WSJ Calls China’s Electric Bicycle Craze a Killer

But it is weak, dysfunctional regulation — not the popular EVs fingered by the WSJ — that is responsible for the pollution and death toll on China's streets

2 min read
WSJ Calls China’s Electric Bicycle Craze a Killer

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Mainstream media have finally noticed the electric bicycle craze that's swept China — where there are now 120 million e-bikes on the road — and is now making inroads in Europe and North America. This weekend the New York Times examined what it called China's “accidental transportation upheaval”, and the Wall Street Journal devoted a coveted cover slot to China's e-bikes in January. The latter, unfortunately, paints an unduly dark picture of this energy-efficient and relatively affordable urban transport option.

“Because they are so silent, fast and heavy they've become a traffic menace,” says WSJ China correspondent Shai Oster in the video that accompanies his piece on e-bikes, unwisely shot while riding one through Beijing (video embedded below). Oster says this is why there is a “new backlash” against e-bikes, with various levels of Chinese governments trying to squelch the e-bike. What I see is ongoing harassment that China's e-bike community has endured for the past 6-7 years.

Early on the official complaint was that rapid replacement of the lead acid batteries most Chinese e-bikes carry  fueled pollution (According to the Times a typical Chinese e-bike uses five lead batteries in its lifetime, each containing 20 to 30 pounds of lead). Today the complaint is that deaths have “soared” from 34 in 2001 to over 2000 in 2007 (not too surprising given that e-bike use was exploding exponentially over that period). My take — reinforced by alternative-transport and urban design activists in China — is that these complaints are a smokescreen for car-oriented industrial and urban planners.

I stand by that analysis, argued for Spectrum in the 2005 feature “China's Cyclists Take Charge.” But I also ran the issues by Chris Cherry, a transportation engineer at the University of Tennessee-Knoxville who wrote his dissertation on the environmental, safety and mobility impacts of China's e-bike phenom.

Cherry responded yesterday with a back-of-the-envelope comparison that reveals e-bike fatalities — about 3.8 per 10,000 vehicles in 2007 — about as high as you'd expect for China's dangerous streets. In the same year fatality rates for riders of conventional bicycles, motorcycles and cars were roughly 1.5, 12.1 and 81 per 10,000 vehicles, respectively. In the U.S., by contrast, the road fatality rate is about 1.8 per 10,000 vehicles. “An ebike on crazy Chinese streets is only twice as dangerous as me driving to get a gallon of milk in the US”, says Cherry.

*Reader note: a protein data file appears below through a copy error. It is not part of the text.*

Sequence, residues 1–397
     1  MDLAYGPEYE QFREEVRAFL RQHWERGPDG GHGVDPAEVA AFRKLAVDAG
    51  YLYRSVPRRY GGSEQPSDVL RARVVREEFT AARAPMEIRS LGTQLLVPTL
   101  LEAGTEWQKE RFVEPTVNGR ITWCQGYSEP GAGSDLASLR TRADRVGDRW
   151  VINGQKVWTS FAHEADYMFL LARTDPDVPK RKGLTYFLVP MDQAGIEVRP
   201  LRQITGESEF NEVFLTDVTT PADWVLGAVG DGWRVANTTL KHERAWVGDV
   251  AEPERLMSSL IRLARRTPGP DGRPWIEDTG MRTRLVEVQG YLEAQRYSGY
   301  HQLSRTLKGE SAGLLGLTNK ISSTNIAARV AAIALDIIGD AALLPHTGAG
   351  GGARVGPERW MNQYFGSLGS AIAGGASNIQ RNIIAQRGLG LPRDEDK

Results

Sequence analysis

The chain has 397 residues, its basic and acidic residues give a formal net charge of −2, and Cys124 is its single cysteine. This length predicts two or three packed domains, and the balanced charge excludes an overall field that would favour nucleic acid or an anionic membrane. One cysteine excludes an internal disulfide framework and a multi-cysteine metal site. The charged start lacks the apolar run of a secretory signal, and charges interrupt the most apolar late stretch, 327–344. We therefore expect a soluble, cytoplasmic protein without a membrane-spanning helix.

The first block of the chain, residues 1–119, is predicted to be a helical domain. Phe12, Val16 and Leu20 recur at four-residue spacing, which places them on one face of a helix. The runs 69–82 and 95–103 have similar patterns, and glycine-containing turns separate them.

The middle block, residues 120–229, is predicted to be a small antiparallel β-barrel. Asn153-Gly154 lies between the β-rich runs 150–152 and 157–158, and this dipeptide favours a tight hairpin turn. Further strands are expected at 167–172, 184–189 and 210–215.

He is more sanguine about e-bikes role in Chinese lead pollution. The problem, he says, is that many small, poorly regulated smelters recycle used e-bike batteries and they make a mess in the process, and it is largely the e-bike's explosive growth that keeps them open. “The rate of new high tech facilities can’t keep up with consumption,” says Cherry.

That said, Cherry tells me I'm “right on” as far as the best role for Chinese officials. They could do more good, he agrees, by trying to solve the lead problem than trying to snuff out the e-bike. His proposal is that they use economic rather than traditional regulation (which clearly isn't working): “I think that it would be more cost effective to subsidize clean batteries (as a larger part of their e-vehicle initiative) or [to] heavily tax lead.”

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We Need More Than Just Electric Vehicles

To decarbonize road transport we need to complement EVs with bikes, rail, city planning, and alternative energy

11 min read
A worker works on the frame of a car on an assembly line.

China has more EVs than any other country—but it also gets most of its electricity from coal.

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Green

EVs have finally come of age. The total cost of purchasing and driving one—the cost of ownership—has fallen nearly to parity with a typical gasoline-fueled car. Scientists and engineers have extended the range of EVs by cramming ever more energy into their batteries, and vehicle-charging networks have expanded in many countries. In the United States, for example, there are more than 49,000 public charging stations, and it is now possible to drive an EV from New York to California using public charging networks.

With all this, consumers and policymakers alike are hopeful that society will soon greatly reduce its carbon emissions by replacing today’s cars with electric vehicles. Indeed, adopting electric vehicles will go a long way in helping to improve environmental outcomes. But EVs come with important weaknesses, and so people shouldn’t count on them alone to do the job, even for the transportation sector.

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